Many years later I came to realize that my alcoholism would—if left unattended—hijack any bid to get well. However, as hard as I had wanted to, I could not stop my drinking. I soon came to attend Alcoholics Anonymous, and yet for a variety of reasons—nervousness, mistrust, self-doubt, etc.—I could not find myself as comfortable there as I had wished to be. Starting up again, I’d drink in a way to blot out reality. Pained when it came time to buy more beer—more beer and more scorn to bear from the upstart cashier—I lumped it as best I could, vowing to carry on not of heroism, but of necessity.
Along with the success I would gain from my eventual sobriety, one day things began to go well for me in an unexpected way: I had found the best therapist to date and in all manner of speaking the therapy introduced by him was not a life-boat so much as an oasis. Herb’s manner was exemplar and I trusted him implicitly. As a doctor of psychology he was on top of several cutting-edge therapies, ones that were gaining recognition nationwide. One therapy in particular is now widely known as CBT, or Cognitive-behavioral therapy. Teaching me that many of my thoughts were distorted because of the way I had come to regard myself, he lent me the very tools by which I might come to see myself in a more favorable light.
Over time this one therapy particularly brought forth the notion that with a little practice my thoughts could predict—and even determine—a new way to see myself. I would become someone who resided in his own skin more comfortably; opposed not so much to himself anymore but in agreement thereof.
I began to task myself with goals that seemed to promise extraordinary success. Moreover, my therapist said that I could actually “master my own fate.” It seemed strange at the time, this what he said, and at first I was rather taken aback. “Master?” I’d thought. To think of myself in ways once thought unimaginable would become like a promissory note. And if “heard,” delusion, illusion, and an anguished, terrified interior, would all but fade to a whisper. I felt gratified in unforgettable ways.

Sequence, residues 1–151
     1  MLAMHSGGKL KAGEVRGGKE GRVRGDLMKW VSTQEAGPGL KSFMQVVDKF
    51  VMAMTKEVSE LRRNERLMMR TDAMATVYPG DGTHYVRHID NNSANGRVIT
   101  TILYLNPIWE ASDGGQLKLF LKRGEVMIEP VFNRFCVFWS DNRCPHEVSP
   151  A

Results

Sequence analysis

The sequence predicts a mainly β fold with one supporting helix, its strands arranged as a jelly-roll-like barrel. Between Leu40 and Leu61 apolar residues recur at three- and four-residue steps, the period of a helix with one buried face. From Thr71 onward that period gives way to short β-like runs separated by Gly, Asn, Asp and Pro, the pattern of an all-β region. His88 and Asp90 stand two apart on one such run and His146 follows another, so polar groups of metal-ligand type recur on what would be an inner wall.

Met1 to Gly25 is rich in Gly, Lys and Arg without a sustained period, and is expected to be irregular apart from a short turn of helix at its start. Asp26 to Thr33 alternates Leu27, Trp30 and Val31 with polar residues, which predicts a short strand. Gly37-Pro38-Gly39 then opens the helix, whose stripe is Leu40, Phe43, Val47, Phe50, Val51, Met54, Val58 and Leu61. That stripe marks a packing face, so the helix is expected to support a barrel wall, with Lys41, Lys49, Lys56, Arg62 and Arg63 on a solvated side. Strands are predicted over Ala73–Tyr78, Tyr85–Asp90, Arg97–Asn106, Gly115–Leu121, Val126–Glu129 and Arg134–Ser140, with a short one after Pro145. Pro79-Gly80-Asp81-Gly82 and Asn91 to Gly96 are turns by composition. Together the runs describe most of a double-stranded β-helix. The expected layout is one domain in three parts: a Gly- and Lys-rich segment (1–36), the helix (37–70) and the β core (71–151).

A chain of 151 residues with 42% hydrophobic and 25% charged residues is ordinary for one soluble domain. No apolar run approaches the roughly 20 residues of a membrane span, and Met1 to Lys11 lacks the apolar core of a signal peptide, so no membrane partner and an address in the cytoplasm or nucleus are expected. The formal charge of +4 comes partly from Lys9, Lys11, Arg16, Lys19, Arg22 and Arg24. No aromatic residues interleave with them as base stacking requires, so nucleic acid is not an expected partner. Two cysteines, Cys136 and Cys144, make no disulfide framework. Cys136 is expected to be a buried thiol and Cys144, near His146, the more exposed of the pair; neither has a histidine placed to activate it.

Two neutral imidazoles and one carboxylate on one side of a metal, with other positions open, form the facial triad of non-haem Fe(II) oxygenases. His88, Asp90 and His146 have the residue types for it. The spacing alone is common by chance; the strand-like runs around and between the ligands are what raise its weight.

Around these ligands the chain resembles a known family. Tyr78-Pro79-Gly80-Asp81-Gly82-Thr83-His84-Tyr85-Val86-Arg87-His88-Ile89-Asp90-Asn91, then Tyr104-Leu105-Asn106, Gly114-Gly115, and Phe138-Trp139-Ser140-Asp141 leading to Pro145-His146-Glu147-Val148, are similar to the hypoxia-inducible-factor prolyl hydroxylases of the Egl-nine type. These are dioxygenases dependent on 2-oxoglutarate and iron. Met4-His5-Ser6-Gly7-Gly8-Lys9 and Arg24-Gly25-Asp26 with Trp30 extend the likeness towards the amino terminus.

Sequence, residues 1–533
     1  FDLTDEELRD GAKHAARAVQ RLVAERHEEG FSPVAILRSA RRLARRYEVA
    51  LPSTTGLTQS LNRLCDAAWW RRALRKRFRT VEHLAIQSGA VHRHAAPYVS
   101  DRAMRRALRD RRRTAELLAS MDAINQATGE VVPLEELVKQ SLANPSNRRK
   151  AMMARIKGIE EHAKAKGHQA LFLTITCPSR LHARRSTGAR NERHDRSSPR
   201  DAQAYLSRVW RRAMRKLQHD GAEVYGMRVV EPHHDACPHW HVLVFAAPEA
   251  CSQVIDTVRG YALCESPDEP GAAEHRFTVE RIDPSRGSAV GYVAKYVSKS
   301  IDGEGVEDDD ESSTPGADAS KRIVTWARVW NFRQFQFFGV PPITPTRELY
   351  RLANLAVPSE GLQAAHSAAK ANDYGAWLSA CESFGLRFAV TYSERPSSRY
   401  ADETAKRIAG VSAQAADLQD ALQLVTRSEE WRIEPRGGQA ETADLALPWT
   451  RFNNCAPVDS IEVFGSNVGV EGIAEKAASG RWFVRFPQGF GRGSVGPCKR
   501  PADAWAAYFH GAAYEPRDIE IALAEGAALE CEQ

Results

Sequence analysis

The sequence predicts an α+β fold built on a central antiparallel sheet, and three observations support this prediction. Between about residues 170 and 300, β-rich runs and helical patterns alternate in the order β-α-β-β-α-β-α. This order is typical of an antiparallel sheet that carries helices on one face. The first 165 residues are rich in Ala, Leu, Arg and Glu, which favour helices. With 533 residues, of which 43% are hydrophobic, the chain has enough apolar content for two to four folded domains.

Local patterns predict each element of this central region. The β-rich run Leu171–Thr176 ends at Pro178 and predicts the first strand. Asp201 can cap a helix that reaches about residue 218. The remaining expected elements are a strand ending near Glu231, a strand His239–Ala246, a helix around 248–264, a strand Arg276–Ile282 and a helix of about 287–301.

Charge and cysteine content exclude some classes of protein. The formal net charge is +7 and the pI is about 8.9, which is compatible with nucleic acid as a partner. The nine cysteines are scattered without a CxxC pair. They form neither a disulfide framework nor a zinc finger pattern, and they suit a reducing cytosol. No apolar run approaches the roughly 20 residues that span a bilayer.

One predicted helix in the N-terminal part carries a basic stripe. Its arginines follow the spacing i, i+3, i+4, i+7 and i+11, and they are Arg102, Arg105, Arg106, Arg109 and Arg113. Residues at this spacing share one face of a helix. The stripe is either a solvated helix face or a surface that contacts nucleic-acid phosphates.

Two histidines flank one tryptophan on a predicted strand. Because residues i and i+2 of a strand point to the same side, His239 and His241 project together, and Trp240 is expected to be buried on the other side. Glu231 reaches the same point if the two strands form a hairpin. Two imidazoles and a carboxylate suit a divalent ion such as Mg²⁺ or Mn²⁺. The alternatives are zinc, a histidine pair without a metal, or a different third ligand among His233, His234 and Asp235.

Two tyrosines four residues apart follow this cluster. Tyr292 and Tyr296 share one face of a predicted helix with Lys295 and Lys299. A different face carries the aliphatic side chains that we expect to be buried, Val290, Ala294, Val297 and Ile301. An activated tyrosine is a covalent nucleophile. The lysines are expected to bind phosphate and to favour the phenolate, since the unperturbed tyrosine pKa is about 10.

Week after week, and day after day, my counselor and I would come to set up a whole new system by which I would measure myself, and so do something about that self. Beholden now to a jury that would judge me with candor, I was more forgiving of myself and my self-esteem rose in an unfettered way. Some of my good points had been entirely lost in the shuffle; amiability and politeness, for instance, were traits left in the dust of yesterday’s pain. I hadn’t known that I had been my own worst enemy, for during my darker days, I could see myself only within the context of that which I had come to hate about myself the most—that I hadn’t the courage to lead my own “brigade.”
But as with all things of change and not of timelessness, this has mostly come to be a thing of the past. I have many people to thank for helping me and my loyalty to them with never change. I am well enough now, that is, to have at least come to a point where I can write about my own experience with mental illness—as hard as this is to do at times—and help those who may not yet be to the point of where I now am. Best to one and all.